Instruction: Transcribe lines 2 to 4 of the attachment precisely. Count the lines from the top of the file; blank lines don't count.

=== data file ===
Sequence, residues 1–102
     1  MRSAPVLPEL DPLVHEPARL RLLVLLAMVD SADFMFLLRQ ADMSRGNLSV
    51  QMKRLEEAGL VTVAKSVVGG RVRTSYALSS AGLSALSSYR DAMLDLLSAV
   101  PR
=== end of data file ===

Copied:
     1  MRSAPVLPEL DPLVHEPARL RLLVLLAMVD SADFMFLLRQ ADMSRGNLSV
    51  QMKRLEEAGL VTVAKSVVGG RVRTSYALSS AGLSALSSYR DAMLDLLSAV
   101  PR